Greenwashing is still a thing. And maybe we got slightly better at spotting it over the years, but as climate change and environmental threats are becoming more and more common, companies capitalize on the marketing boon that looking “green”, “clean” or “carbon neutral” represents.
Here are a few questions that I have researched lately.
What does “carbon neutral” mean?
Carbon neutrality means offsetting the GHG emissions produced by sequestrating an equivalent amount of carbon, or buying carbon credits. A lot of companies, even cities, claim that they are carbon neutral (Google, for instance).
Is carbon neutrality a good strategy?
It sounds like a good idea, but a lot of people don’t believe it’s an effective strategy for all kinds of reasons (most importantly: carbon offsets and credits don’t help cut emissions, carbon sequestration projects can lead to population displacements and human rights violations, a lot of fraud has been happening, and they don’t contribute to finding a sustainable long-term solution to climate change – see here and here).
Another major criticism is that striving to be carbon neutral does not necessarily address the reason why greenhouse gases are being released. If being carbon neutral is part of a bigger plan to transition into being completely “clean” (as far as this is possible), then why not. That’s what Google advertises it is doing, pretty much. The biggest source of their carbon emissions comes from the electricity used in their data centers, and they are also working to eventually be powered at 100% by renewable energies.
However, when nothing else is done to address the structural impact created by a company, then it sounds more like a marketing strategy to greenwash their products. Nespresso, for instance, committed to becoming carbon neutral by 2020. They also have set a goal to collect 100% of used aluminium pods by then, which is very different from actually recycling 100% of them (they currently don’t publish the actual recycling rate of their products). So it’s better than nothing, but in the end, it does not make Nespresso’s pods or business model sustainable, and being carbon neutral does not address in any way the fact that legions of aluminium pods are somewhere in a landfill waiting a couple hundred years to decompose.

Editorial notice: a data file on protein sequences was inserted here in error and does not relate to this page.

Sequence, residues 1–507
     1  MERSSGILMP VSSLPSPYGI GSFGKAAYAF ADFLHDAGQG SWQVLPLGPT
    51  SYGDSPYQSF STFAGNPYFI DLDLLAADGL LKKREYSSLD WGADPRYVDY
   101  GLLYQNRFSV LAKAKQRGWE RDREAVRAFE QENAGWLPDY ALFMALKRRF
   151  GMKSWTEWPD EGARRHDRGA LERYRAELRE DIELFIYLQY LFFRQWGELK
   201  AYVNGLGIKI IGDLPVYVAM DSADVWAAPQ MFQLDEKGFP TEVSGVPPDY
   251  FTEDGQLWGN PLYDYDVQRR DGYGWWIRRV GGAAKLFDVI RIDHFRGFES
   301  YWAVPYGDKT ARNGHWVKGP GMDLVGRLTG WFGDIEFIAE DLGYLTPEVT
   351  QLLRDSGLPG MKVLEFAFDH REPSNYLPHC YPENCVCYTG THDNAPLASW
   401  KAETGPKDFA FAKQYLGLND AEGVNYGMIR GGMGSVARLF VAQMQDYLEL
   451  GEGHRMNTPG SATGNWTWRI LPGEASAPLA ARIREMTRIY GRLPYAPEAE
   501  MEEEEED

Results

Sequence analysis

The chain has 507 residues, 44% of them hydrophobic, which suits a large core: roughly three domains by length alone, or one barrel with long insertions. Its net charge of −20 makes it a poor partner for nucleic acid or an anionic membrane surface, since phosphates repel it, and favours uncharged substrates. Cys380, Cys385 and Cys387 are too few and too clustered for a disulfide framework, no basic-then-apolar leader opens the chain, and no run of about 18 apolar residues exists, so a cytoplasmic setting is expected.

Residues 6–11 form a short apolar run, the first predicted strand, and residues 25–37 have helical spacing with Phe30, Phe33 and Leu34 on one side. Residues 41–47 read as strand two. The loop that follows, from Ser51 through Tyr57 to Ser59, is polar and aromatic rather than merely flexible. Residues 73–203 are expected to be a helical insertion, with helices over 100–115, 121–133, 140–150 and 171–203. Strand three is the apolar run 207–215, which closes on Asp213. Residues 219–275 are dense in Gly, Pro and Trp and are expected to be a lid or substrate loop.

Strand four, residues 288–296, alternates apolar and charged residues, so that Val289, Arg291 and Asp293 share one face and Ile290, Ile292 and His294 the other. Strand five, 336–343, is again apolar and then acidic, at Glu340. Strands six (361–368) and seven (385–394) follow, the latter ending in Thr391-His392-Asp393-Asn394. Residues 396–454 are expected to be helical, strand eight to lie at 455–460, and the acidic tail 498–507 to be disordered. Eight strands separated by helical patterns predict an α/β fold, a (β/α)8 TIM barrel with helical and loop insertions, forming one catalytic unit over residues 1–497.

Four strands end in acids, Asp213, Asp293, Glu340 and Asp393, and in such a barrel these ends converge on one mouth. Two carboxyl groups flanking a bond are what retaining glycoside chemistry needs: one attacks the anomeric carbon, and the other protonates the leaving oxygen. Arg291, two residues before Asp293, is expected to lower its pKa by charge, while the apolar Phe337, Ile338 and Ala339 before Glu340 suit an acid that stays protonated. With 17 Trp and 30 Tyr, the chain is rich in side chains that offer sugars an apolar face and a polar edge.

More importantly, it gives consumers the green light to believe that what they are doing – in this case buying Nespresso pods, drinking coffee, and putting their pods in a bin so they can (maybe) be recycled – is good, that they are part of the solution, when they are actually still part of the problem. It encourages consumers to believe that this is a sustainable part of their lifestyle, even though it isn’t.
Carbon neutrality is most effective when it is used as a means, not as an end in itself. So when you see this touted on a company website, or if you decide to offset your own carbon emissions, ask yourself: is carbon neutrality used as a tool to soften a structural shift towards a more sustainable path, or is it just used to partially compensate for the consequences of a business model that is inherently unsustainable? If it’s the latter, then I’d consider it greenwashing.